Gardening fantasies…

I love the thought of gardening.  I love experiencing a beautiful oasis.  I love working the soil with my hands.  My reality…I’m garden poor.  My fantasies are writing checks that my truth can’t cash.  Yes, I live in a condo but do have areas where I could garden.  Yes, it is mostly shade but there are shade-tolerant plants.  Yes, I have knees that don’t bend so well but there are ways around that.

One household chore I never minded was mowing the lawn.  I was a champion mower and loved making designs in the lawn.  Once I graduated from grass clippers to a weed eater, doing the trimming was a breeze.  This is a right-handed world and back in the day the grass clippers were made for right-handed folks.  As with scissors, I struggled mightily and my efforts always yielded a mangled-looking and sore left hand.  I digress as is my custom.

What would my gardens look like?  In my mind is an old farmhouse-type cottage in New Hampshire.  I visited there a few times when I was a kid, maybe 10 years old.  It was a wonderful place to visit.  The beds seemed high off the ground and even in the summer we needed lots of blankets.  Rag rugs were scattered over the wide plank wood floors.  There was a back porch that looked out to a yard that turned into a field.  Crickets chirped madly and, in the evening, the air sparkled with lightning bugs.  For me it was magical.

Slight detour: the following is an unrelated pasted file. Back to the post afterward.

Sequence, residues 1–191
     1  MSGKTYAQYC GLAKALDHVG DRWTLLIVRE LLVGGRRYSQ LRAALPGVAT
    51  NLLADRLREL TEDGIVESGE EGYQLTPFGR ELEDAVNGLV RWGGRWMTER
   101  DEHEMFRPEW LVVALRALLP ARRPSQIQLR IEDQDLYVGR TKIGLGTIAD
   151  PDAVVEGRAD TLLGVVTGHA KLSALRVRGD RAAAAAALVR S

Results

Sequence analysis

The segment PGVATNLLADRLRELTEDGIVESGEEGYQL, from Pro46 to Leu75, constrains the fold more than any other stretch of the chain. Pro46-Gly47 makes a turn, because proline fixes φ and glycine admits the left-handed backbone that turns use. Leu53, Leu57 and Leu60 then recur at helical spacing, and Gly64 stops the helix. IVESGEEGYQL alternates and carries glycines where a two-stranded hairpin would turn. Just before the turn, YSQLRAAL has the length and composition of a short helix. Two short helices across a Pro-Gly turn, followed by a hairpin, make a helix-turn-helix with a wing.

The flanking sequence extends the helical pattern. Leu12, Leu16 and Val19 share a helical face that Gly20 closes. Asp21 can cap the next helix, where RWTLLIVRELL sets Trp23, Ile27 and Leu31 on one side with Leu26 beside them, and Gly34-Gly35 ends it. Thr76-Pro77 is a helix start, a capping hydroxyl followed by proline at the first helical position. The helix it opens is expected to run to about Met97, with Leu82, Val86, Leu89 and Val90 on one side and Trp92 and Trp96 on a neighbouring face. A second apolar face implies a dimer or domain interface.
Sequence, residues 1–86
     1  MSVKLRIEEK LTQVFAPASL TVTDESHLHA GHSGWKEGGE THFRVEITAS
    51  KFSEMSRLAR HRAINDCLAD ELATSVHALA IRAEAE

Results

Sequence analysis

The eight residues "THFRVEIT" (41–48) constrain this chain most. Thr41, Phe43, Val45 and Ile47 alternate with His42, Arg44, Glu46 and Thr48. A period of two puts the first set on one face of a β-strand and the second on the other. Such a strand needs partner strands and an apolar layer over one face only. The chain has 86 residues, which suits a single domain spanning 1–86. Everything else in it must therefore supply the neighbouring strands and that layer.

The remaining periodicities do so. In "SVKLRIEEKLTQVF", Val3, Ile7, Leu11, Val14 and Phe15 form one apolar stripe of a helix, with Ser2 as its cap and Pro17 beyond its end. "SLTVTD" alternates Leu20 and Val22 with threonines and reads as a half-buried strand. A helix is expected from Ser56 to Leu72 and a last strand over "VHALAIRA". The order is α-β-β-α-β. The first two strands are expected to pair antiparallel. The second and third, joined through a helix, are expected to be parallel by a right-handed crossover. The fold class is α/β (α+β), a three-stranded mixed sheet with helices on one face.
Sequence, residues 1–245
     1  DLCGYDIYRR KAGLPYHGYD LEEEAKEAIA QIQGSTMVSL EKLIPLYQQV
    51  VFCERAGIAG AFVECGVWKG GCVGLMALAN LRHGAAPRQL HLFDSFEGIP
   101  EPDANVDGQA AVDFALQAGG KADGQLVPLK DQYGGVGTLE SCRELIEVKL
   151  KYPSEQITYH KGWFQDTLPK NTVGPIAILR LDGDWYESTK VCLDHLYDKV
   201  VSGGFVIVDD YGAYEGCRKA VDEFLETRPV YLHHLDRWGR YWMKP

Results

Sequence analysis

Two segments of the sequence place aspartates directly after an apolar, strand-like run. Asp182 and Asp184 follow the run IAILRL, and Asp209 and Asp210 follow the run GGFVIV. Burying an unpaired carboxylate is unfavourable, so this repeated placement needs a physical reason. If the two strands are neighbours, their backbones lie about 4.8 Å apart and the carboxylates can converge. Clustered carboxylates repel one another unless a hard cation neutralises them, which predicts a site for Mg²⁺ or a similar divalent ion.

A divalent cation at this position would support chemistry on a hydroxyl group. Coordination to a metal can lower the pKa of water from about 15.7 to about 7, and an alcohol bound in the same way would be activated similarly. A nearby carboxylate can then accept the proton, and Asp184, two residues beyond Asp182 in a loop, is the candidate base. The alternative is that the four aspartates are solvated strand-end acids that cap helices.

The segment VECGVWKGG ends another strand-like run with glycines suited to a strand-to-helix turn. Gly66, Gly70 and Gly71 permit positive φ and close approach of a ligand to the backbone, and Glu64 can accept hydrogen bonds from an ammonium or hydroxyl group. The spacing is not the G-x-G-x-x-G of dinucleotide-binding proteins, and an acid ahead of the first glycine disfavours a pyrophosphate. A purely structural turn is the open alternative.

If I lived in that farmhouse I would create a long hedge of bridal wreath spirea running down the long edge of the property to the left of the house.  That would create a nice natural break that would help stem any direct wind flow into the back yard area.  Toward the very back of the yard, as it morphs into field, I would expect to have some bee hives.  Ideally, they would be tended by someone else who needed a spot to place some bees.

Adjacent to the back porch area, I would plant groups of lilacs.  Lots of lilacs in order to cut them and bring bunches of them into the house.  One of my favorite poems is “When Lilacs Last in the Dooryard Bloom’d,” Walt Whitman’s epic ode to Lincoln.  And lilacs remind me of my childhood.  I love them.  That’s enough for now.  In my mind I’m creating different beds of flowers that pay homage to an earlier time.  I will let you know what I come up with.

About thequarryschild

A self-described forensic junkie, Beth Anderson spends her days shaping young minds to ask critical questions and wonder “whodunit.” Beth resides in the Capital District of New York and spends her free time reading and solving the great mysteries. Her love of swimming, tennis and sports provides the basis for one of the lead characters in her new book The Quarry’s Child. Beth is one of the founding members of the Upper Hudson Valley Chapter of Sisters in Crime (aka Mavens of Mayhem), a graduate of the FBI Citizens Academy, a survivor of a visit to an active aircraft carrier while it was at sea, and a published poet in Soundings, a literary journal. Beth continues to instill a love for mystery fiction in her students as she has for over twenty years. Photo credit: Quinn Mulvey
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